But home-schoolers remain a different and separate issue. Haugen says his association has fielded no recent requests by home-school athletes or their parents. The reason, he believes, is that participation in athletics would likely invite greater school district scrutiny of the home-schooled student's curriculum.

"Montana probably has one of the most open home-schooling statutes in the country," says Hilyard. "Right now all one has to do is register with the county superintendent. That's it. You just have to say your child is going to learn at home."

The prospect of public school districts overseeing a home-schooler's education is, of course, an anathema to its supporters, who commonly cite freedom in establishing curricula, pace of learning, values and control over social activities as the reasons for educating a youngster at home.

But a home-schooler almost invariably invites a school district's academic oversight if he or she desires to play interscholastic sports, a factor discussed in a recent newsletter by the Wisconsin Parents Association. Indeed, that home-schooling advocacy group concluded that playing on a school sports team might not be worth the intrusion.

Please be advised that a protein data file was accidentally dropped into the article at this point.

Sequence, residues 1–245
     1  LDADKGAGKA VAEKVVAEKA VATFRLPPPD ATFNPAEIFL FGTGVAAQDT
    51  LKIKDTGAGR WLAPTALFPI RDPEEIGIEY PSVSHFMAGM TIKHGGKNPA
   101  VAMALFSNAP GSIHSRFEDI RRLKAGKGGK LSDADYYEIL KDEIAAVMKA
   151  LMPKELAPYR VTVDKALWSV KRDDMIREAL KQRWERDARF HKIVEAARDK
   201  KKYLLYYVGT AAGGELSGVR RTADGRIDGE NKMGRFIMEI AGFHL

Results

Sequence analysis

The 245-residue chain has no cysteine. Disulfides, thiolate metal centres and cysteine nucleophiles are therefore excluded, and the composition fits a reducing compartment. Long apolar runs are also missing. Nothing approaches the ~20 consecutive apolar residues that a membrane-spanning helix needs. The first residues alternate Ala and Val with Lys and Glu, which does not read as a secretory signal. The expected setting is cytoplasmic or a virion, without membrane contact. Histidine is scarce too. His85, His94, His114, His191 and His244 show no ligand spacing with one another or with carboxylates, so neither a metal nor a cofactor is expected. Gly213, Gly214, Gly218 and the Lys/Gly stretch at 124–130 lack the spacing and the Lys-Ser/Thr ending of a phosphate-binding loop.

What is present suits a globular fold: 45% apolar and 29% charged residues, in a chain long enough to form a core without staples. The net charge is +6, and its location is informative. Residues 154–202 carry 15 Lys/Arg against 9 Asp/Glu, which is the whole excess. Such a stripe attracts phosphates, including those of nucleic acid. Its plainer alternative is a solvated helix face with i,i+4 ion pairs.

"When you ask for permission to play sports, it's almost a given that the school district, which is usually governed by an association, is going to have rules and regulations about academic eligibility," says Larry Kaseman, executive director of the WPA, based in Madison, Wis.

Kaseman's group believes that setting a precedent for public school regulation of home-schooled athletes would lead to increased regulation of all home-schoolers. "We're entering an arena where a lot of people have long histories of wanting to make sure certain tickets get punched. No state has reached a point that there isn't something more that they would require of home-schoolers."

Wide Opposition
he Kansas bill died in a legislative committee. Musselman hopes it does not come back.

Public school administrators and athletic directors have voiced similar opinions in New York, where the state Board of Regents expressly prohibits sports participation by students who do not meet strict eligibility rules.